it. Meyers v. United States, 84 U.S.App.D.C. 101, 113, 171 F.2d 800, 812, 11 A.L.R.2d 1. Inasmuch as the defendant herein made no effort to prove the alleged conflicting statements by the means available to him, the requisite necessity for obtaining the transcript was not shown.
We come then to the question whether the defendant should have been permitted to subpoena the reporter who recorded the testimony at the first trial. Although the Sixth Amendment guarantees to the defendant in a criminal case compulsory process, the granting or denial of an application for subpoena at the expense of the United States is in the discretion of the trial court, Austin v. United States, 9 Cir., 19 F.2d 127, citing Goldsby v. United States, 160 U.S. 70, 16 S. Ct. 216, 40 L. Ed. 343. Even where the defendant is not proceeding in forma pauperis, the court may refuse to permit the issuance of subpoenas which it appears may be an abuse of process, until it has been informed what testimony may be expected of the prospective witnesses. May v. United States, 84 U.S.App.D.C. 233, 249, 175 F.2d 994, 1010.
Had the subpoena been permitted, the defendant, at the expense of interrupting- for a substantial period of time- the proceedings in another court then in session, in which the reporter was then serving, would have in effect obtained that which was refused him on his motion for the transcript. The defendant would have delayed proceedings also in the trial court for the length of time it took the reporter to read his notes, all in the mere hope that something useful to the defendant might appear. According to defense counsel's own statement, the cross-examination of one government witness at the first trial took from two and one-half to three hours, so that it would have taken the reporter some time to search through his notes for the contradictory statements which defense counsel now alleges they contain. I am informed by the reporter that it would have taken him from three and one-half to four hours to read through his notes of the prior testimony of the two government witnesses whom defendant charges with contradictory statements. It is obvious that to permit attorneys indiscriminately, under such circumstances and in the midst of a trial, to subpoena a reporter from another branch of the court would so disrupt proceedings as to bring about chaos in administering the courts.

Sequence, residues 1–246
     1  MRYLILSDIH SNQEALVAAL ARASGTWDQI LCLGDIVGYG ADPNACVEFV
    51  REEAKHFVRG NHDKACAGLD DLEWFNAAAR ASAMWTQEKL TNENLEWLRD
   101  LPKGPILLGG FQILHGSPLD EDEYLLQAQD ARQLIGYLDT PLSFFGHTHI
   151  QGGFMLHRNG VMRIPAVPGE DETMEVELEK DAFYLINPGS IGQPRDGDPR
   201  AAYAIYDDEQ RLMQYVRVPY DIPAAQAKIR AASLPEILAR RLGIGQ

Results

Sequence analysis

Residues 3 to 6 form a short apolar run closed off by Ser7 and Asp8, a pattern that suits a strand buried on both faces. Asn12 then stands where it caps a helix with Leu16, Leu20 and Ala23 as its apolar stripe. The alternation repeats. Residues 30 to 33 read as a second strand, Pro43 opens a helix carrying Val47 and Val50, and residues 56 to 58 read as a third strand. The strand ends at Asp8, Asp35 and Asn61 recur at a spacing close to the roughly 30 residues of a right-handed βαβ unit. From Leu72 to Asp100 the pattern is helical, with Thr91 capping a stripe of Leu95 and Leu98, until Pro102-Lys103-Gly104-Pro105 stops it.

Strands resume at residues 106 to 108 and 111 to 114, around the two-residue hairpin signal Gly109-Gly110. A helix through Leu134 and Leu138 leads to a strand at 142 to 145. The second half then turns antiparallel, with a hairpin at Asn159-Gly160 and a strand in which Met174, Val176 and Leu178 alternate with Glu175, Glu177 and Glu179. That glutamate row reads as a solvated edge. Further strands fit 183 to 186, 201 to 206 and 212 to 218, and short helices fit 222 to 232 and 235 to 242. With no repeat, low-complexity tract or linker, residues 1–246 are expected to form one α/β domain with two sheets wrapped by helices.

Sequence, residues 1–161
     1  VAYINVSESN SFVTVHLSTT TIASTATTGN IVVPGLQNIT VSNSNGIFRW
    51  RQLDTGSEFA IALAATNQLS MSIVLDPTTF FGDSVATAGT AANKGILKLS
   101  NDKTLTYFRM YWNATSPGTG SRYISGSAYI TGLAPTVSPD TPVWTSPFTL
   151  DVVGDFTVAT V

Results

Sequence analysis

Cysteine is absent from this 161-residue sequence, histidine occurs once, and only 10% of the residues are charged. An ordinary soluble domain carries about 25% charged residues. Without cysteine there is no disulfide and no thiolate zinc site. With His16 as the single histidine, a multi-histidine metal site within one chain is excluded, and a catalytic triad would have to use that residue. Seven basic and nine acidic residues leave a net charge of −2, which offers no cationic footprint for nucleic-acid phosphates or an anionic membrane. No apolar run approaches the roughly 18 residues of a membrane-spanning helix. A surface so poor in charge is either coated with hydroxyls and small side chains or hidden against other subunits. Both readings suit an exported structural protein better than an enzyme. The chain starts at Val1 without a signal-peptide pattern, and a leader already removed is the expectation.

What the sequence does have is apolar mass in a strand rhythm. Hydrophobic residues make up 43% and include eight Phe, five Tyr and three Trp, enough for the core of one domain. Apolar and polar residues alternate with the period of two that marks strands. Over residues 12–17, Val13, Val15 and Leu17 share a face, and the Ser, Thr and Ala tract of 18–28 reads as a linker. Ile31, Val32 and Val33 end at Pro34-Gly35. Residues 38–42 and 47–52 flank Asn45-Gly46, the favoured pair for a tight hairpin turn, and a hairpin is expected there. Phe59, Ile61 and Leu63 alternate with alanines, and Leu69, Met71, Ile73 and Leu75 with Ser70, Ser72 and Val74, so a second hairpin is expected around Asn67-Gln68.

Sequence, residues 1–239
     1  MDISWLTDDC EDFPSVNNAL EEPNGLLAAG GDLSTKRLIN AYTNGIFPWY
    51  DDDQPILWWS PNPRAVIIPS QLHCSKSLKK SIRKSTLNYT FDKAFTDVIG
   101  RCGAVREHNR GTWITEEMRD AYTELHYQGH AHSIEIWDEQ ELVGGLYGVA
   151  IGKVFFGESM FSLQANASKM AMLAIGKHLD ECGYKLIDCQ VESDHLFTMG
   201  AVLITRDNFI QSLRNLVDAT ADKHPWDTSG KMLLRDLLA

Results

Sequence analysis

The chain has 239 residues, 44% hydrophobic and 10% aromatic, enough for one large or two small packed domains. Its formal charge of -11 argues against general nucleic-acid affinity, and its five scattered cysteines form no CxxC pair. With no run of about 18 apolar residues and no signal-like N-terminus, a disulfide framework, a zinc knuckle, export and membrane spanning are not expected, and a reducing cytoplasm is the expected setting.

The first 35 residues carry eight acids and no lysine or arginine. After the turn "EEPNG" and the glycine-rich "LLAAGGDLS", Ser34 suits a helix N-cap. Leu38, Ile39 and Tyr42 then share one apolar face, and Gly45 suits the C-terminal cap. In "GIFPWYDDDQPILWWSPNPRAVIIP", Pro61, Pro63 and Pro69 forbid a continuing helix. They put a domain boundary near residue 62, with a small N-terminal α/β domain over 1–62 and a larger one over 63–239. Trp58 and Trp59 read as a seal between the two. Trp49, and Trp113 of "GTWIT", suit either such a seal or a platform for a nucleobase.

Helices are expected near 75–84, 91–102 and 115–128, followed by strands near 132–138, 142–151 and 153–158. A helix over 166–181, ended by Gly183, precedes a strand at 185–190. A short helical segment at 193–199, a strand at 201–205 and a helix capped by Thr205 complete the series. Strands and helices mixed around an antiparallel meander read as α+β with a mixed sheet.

The court does not hold that in no case should an indigent defendant be permitted to prove testimony at a former trial through the transcript of evidence or by subpoenaing the reporter of the former trial; but it does hold that to warrant authorization of such extraordinary procedure there should be an adequate, timely, and definite showing of necessity and that the proffered testimony is substantive and not merely collateral or cumulative. The discretion of the court in granting all or portions of the transcript of a prior trial to an indigent defendant, should be governed by the same considerations as control the court where a defendant demands the transcript of the testimony of government witnesses at a prior administrative proceeding. When it is apparent that no essential ingredient of the offense is in any way dependent upon any matter contained in the transcript and there is no reason to believe that any matter contained therein is a competent, relevant, or material matter of defense, the substantial rights of the defendant are not affected by refusal of the transcript. Boehm v. United States, 8 Cir., 123 F.2d 791, 805, certiorari denied 315 U.S. 800, 62 S. Ct. 626, 86 L. Ed. 1200.
In the instant case, defense counsel argues that he could have proved by the transcript or by the reporter prior contradictory statements by two government witnesses, Detective Hitt and Officer Masters of the Metropolitan Police Department.
Detective Hitt testified that the defendant told him certain fingerprints could not be his 'because he always wore gloves,' and admitted on cross-examination that he did not testify to such admission at the first trial, excusing the omission on the ground he was not asked and denying that he was given an opportunity to tell all admissions of the defendant.